That size advantage is also reflected in China’s push to invent 5G technology.

The country’s biggest companies have already established a lead in patents related to the fastest network technology. Huawei Technologies Co., the contentious Chinese firm that’s at the heart of current U.S.-China tensions, leads the pack as the world’s biggest telecom equipment supplier. Meanwhile, ZTE Corp., which has also drawn America’s ire in the past, comes in at No. 3, according to Berlin-based patent information platform IPlytics.

But that won’t necessarily translate into network domination. China’s three carriers — China Mobile Ltd., China Unicom Hong Kong Ltd. and China Telecom Corp. — are all state owned.

Harvard Business School economist Shane Greenstein says having a bigger government role in 5G may not provide an advantage.  “The private firms in China in the digital sector have an admirable record with experimentation,” he said. “The state-owned enterprises? That is a more open question.”

Where the government is helping is by holding carriers’ costs down. Beijing is providing the bandwidth for 5G networks almost for free, said Edison Lee, head of telecommunications research at Jefferies Hong Kong Ltd.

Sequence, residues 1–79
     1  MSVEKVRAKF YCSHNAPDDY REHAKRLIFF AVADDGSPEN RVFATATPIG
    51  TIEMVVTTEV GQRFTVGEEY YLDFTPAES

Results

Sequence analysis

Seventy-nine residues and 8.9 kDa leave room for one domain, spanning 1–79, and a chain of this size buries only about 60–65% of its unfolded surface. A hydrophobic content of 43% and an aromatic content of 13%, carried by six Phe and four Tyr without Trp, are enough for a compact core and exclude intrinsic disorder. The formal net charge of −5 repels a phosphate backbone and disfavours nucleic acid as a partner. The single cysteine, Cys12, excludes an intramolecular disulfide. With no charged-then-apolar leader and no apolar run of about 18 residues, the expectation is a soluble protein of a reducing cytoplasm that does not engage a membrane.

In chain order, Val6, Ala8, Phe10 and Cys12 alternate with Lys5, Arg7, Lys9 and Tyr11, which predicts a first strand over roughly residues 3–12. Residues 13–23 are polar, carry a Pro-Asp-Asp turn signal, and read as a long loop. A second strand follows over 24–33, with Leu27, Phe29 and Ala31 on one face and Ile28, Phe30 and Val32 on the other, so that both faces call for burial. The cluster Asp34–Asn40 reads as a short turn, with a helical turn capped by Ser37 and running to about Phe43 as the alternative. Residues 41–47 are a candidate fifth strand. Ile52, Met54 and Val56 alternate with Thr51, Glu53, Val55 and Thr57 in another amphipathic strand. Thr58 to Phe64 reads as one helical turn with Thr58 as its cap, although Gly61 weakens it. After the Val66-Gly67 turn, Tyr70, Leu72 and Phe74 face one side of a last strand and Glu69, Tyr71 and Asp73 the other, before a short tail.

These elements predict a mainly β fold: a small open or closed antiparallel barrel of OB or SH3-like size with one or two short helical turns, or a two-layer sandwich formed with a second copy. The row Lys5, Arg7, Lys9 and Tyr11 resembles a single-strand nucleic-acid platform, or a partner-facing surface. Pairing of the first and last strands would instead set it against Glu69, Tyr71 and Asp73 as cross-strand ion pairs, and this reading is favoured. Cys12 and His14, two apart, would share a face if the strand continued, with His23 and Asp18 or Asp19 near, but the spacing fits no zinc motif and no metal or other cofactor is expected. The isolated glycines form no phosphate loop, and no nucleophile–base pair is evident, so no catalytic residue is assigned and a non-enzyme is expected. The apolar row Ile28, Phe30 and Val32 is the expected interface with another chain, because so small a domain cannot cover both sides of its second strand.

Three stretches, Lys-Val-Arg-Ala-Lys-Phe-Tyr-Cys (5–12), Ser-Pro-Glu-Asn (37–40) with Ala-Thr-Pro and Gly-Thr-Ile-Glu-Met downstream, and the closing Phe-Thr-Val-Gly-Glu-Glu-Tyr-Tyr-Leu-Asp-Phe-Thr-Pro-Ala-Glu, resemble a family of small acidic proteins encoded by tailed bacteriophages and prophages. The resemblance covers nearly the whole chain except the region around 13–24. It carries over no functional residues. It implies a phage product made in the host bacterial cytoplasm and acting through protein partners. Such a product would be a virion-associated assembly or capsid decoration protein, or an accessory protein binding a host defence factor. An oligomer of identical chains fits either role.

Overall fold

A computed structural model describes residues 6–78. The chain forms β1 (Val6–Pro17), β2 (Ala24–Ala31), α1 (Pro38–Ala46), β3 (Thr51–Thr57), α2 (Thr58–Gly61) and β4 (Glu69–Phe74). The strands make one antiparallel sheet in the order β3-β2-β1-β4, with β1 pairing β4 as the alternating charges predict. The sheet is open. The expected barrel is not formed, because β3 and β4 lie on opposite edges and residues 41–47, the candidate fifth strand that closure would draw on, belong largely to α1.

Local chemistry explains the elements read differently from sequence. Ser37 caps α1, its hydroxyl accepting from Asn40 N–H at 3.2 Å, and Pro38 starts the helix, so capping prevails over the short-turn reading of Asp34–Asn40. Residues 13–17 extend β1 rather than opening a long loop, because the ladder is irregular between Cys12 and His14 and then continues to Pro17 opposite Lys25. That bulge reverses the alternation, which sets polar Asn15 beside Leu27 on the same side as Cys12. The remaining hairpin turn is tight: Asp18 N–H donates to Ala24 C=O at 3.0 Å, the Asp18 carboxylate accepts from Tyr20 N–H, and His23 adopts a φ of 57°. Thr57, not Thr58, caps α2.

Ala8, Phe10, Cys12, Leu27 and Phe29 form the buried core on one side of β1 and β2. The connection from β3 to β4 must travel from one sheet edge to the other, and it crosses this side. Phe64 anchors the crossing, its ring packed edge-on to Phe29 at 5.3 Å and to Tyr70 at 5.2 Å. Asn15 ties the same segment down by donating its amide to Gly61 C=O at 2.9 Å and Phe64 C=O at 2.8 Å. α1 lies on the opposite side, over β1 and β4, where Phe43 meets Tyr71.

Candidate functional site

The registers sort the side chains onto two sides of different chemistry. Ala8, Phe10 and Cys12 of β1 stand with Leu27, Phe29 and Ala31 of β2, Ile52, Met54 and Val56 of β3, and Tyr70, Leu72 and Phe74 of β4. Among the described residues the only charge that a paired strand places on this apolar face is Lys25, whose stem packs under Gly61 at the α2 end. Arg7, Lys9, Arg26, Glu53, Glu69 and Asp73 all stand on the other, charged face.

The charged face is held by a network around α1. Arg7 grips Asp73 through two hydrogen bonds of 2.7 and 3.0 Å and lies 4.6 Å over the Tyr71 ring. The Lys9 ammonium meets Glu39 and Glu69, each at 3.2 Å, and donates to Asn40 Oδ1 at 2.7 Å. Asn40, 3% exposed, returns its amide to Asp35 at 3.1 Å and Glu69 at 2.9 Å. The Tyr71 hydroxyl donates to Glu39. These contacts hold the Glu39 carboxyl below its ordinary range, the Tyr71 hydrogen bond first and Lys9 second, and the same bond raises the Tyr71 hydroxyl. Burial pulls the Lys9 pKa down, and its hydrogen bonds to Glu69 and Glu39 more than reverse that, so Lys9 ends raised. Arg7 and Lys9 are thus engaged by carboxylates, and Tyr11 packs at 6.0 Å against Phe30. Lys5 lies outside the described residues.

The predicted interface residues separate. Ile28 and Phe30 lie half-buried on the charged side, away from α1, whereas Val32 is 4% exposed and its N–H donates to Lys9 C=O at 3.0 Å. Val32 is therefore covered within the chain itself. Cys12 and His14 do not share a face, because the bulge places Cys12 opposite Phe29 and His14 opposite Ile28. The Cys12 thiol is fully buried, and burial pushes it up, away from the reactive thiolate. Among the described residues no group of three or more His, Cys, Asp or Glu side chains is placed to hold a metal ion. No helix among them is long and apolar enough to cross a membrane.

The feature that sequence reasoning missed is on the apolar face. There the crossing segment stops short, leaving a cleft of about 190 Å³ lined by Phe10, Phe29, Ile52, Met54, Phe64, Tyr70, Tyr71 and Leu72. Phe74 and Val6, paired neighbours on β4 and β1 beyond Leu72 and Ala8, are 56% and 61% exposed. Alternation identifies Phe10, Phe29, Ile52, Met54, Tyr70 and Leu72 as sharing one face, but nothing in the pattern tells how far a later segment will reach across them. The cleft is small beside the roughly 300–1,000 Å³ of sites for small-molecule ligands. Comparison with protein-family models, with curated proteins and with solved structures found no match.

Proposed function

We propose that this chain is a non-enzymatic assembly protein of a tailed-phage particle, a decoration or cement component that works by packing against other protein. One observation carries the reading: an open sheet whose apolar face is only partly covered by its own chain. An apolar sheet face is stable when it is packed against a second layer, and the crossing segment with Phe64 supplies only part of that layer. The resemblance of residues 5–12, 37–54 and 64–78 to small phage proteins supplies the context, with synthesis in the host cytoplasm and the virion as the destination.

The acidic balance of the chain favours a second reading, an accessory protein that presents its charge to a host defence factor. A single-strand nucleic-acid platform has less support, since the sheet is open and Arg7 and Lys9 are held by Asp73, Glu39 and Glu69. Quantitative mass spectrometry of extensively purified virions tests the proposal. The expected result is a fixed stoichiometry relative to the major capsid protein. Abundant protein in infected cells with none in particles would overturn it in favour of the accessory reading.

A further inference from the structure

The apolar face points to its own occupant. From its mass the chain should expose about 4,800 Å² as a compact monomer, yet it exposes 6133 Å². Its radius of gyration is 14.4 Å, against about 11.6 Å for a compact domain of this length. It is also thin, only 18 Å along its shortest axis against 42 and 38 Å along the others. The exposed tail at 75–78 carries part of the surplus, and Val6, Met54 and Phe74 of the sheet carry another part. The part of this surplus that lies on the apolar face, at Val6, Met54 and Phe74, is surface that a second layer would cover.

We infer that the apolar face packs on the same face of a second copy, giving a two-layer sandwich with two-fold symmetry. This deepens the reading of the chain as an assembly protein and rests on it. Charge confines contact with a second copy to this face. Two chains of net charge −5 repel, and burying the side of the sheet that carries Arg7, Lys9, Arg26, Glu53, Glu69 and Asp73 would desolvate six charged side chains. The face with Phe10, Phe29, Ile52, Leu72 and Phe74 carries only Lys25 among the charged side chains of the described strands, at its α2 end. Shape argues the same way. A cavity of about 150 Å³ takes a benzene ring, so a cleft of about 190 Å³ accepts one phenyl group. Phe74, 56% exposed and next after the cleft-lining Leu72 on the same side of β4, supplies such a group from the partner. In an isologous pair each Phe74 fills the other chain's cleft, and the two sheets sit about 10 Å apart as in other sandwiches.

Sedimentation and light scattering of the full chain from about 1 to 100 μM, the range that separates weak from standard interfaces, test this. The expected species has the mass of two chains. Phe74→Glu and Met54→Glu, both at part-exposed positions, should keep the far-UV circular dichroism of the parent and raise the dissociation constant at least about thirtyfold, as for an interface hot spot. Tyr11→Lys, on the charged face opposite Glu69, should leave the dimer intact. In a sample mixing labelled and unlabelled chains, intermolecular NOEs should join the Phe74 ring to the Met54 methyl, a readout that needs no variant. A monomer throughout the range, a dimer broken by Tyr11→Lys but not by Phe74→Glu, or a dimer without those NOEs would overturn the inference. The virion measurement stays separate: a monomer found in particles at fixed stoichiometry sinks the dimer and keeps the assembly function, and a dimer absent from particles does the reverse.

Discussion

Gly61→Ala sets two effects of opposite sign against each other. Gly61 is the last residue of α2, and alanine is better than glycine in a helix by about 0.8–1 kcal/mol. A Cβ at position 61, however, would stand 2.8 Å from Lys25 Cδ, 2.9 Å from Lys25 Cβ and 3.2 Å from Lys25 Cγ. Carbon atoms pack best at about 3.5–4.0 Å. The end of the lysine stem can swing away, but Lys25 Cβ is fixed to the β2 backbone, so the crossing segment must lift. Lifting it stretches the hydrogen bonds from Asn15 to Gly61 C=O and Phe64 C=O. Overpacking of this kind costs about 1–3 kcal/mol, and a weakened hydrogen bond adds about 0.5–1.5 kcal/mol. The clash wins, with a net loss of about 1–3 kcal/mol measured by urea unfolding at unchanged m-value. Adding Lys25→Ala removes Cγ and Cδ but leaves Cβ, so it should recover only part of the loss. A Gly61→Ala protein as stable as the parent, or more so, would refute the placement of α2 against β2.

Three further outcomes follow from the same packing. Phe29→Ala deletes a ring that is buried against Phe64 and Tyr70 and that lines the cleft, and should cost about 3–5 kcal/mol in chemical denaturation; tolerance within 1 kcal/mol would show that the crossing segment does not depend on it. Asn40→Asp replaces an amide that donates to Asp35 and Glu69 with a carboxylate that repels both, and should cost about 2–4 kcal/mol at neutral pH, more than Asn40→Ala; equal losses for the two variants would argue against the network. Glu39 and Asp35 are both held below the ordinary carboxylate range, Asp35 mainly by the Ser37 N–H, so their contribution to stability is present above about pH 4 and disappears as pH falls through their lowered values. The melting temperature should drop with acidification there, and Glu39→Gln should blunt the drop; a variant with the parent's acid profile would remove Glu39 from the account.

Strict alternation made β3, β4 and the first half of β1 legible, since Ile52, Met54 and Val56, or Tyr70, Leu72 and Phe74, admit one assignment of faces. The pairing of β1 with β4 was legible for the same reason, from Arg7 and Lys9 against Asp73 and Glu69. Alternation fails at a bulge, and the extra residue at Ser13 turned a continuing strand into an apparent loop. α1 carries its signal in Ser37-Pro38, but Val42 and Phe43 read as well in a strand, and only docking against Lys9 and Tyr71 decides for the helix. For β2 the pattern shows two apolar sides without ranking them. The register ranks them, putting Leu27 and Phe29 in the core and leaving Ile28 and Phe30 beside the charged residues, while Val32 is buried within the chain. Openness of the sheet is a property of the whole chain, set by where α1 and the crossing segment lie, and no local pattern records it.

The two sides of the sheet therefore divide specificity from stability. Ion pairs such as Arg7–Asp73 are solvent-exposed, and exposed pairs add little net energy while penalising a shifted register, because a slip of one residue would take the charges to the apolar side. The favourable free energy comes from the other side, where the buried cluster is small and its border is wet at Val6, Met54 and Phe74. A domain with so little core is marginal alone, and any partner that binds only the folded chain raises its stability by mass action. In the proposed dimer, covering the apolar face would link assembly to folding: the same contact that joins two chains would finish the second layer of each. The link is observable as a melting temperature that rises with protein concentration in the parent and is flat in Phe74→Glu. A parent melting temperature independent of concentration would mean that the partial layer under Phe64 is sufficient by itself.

U.S. carriers, by contrast, bid $2.7 billion at two auctions of 5G airwaves, according to the Federal Communications Commission. In India, the industry group representing carriers says its members can’t afford spectrum the government expects to auction for about $84 billion this year.

China’s operators will also pay less for base stations. The units will probably cost about $30,000 each in China, less than half the $65,000 average in other developed-economy markets, Jefferies’ Lee estimates. Two of China’s carriers have said they will lease the equipment, cutting the upfront cash outlay to roughly $6,500 each per year, Lee said.

In the U.S., where the government is leaving 5G to companies, carriers will also pay at least five times more than Chinese operators for civil engineering and permits to build 5G, Deloitte Consulting estimates.

The world’s most populous country has about 350,000 5G-operable base stations deployed, nearly 10 times as many as in the U.S., according to a U.S. Department of Defense study.  The report says China claiming the position of standard-setter for 5G, with Huawei leading rival telecom equipment makers, is a risk for the U.S. This “will create serious security risks for DoD going forward if the rest of the world accepts Chinese products as the cheaper and superior option for 5G,” said the report.